However, earlier this year, in yet another horribly cruel turn of events, Georgia suffered a C4/5 spinal stroke. She was back in intensive care, her family desperate to get to the bottom of the spate of health issues that had plagued her for the last 6 years. Eventually they received the devastating news – Georgia had mitochondrial encephalomyopathy, lactic acidosis, and stroke-like episodes, aka MELAS. This rare, complex and incurable disease progressively affects many of the body’s systems, including the brain, nervous system and muscles.

Coming to terms with this, on top of a high level spinal injury, would be enough to break even the most resolute spirits. Georgia admits having “dark moments” where she questioned how much longer she could continue to fight. But Georgia’s journey has always been about defying the odds and she refuses to let her diagnosis define her:

“For me, when times are tough and I need motivation I remember that feeling of crossing the World Championship finish line when I was 15, or when I first got back in my boat after the brain injury. It’s a feeling I will fight to feel again. But also, I am surrounded by incredible people who continue to remind me why I am still fighting. And of course, being an athlete and extremely stubborn means I definitely don’t back down without a fight!”

Georgia in recovery, with a thumbs up!

Out of intensive care and now on the rehab ward, Georgia’s first fight would be with finger function. Her spinal stroke had left her with very little hand movement. Even the simplest of tasks were now a challenge. Writing, typing and painting were all a frustrating struggle. The inability to grip the likes of cutlery, a toothbrush and a hairbrush meant she needed help with feeding and personal care. In physio, she struggled to grip resistance bands and weights. Georgia worried about the impact this would have on her upper limb rehabilitation.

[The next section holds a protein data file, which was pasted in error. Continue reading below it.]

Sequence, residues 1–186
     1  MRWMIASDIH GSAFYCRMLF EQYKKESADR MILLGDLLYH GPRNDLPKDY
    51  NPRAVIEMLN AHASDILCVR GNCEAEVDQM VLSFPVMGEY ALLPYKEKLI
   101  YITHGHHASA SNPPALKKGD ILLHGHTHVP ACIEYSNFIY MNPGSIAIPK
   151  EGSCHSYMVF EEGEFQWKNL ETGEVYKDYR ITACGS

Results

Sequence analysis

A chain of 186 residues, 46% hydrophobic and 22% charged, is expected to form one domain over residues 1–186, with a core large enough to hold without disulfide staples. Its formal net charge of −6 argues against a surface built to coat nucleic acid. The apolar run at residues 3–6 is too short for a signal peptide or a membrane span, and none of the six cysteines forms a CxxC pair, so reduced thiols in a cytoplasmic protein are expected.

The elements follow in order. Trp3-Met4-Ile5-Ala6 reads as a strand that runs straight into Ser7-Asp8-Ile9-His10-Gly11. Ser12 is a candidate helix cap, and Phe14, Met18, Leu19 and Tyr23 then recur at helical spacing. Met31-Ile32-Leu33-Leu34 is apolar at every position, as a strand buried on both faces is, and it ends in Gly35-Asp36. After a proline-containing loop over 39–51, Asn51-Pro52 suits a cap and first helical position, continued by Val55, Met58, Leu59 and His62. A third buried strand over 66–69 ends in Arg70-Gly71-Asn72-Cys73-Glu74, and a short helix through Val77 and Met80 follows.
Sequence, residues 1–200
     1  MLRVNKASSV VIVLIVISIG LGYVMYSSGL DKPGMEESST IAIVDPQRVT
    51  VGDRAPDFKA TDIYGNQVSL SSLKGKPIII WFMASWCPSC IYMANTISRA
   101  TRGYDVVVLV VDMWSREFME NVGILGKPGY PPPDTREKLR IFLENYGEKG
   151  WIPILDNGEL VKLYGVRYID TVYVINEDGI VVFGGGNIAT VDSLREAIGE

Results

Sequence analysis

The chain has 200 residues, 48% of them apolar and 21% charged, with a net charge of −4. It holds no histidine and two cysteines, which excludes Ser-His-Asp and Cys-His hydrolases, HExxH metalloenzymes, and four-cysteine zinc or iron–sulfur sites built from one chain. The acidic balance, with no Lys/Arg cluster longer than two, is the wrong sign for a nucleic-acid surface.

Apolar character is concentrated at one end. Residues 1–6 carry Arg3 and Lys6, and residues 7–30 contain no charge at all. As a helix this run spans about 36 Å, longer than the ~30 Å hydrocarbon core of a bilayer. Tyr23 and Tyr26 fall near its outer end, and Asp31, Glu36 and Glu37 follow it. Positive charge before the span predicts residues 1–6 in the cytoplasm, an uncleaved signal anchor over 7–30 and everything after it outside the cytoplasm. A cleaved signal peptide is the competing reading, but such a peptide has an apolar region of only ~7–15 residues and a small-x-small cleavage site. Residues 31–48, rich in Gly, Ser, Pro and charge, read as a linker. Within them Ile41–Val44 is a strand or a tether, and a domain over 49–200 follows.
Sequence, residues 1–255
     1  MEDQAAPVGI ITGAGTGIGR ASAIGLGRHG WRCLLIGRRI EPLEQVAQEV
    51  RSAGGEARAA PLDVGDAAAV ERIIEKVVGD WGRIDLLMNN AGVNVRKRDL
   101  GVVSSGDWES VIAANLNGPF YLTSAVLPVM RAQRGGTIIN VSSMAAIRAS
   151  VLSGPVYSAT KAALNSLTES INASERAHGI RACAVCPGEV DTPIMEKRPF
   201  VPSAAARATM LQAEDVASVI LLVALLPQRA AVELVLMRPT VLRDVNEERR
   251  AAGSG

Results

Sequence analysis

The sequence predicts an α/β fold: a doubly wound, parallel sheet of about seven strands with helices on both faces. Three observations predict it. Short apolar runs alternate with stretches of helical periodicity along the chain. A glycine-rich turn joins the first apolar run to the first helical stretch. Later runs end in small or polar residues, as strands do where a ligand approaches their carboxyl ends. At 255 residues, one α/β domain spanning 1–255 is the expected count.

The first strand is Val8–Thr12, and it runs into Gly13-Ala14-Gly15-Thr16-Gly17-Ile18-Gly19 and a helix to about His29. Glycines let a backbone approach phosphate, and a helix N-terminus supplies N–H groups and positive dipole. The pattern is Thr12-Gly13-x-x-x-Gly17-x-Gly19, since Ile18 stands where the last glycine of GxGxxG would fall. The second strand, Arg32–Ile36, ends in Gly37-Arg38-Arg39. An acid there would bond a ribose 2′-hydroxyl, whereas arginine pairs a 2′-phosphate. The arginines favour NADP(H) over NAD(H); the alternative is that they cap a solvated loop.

That’s when someone suggested she try Active Hands.

…And that’s when Georgia found us!

Georgia using the Small Item aid

Strapping the General Purpose Gripping Aids around her hands, Georgia was now able to maintain a firm grip on the weights and resistance bands she had previously struggled with. Using these every day in physio meant she was able to get the most out of her rehab. This lead to a rapid increase in her upper limb strength. It wasn’t long before her competitive nature returned. Georgia was soon strapping her hands to the exercise bike and pushing her limits!

Outside of physio, Georgia began using the Small Item Gripping Aid to tap back into her creative side; often spending her time sat up in bed with a pen, pencil or paintbrush in hand. She used it to brush her teeth and also to feed herself, meaning she was able to eat meals alongside her friends and family again. Being able to take back control in this way provided her with a huge confidence boost.

When her friends and family weren’t there, she was able to stay in touch with them by using the Sixth Digit 2 to scroll and send messages on her phone. Not only that, but she was able to use them to type on her laptop and eventually recommence her studies.

“These aids help me to get the best out of my physio but also improve my daily life by enabling me to do things for myself again which, without the Active Hands products, I would not be able to do.”

Looking Forward

Combined with her drive and determination, Georgia has been able to use her Active Hands products to build up her strength and regain a level of independence that seemed lost. Georgia left hospital, discharged, just a few weeks ago. She knows that the real fight begins now she is home.

The complexity of Georgia’s condition means there is a lot of uncertainty on what the future holds. Not one to dwell on what ifs though, she instead prefers to focus on what she can control. Georgia is spending time with her loved ones, both human and pet, whilst continuing to fight each and every day. The GB para-rowing community continues to support her on her journey to get back on the water and she is in regular contact with the coaches. Georgia has already practised holding and moving the oars with her General Purpose Gripping Aids, we doubt it will be long before she is back in her natural habitat!

Georgia Carmichael smiling in her power chair in front of a sunset
Georgia Carmichael kayaking

“My long term goal and something that really drives me forwards is getting back into the GB para-rowing team and of course the Paralympics. Active Hand products will make a huge difference to my ability to get back into rowing again as well as the gym. Your products are incredible!”

Gareth Herridge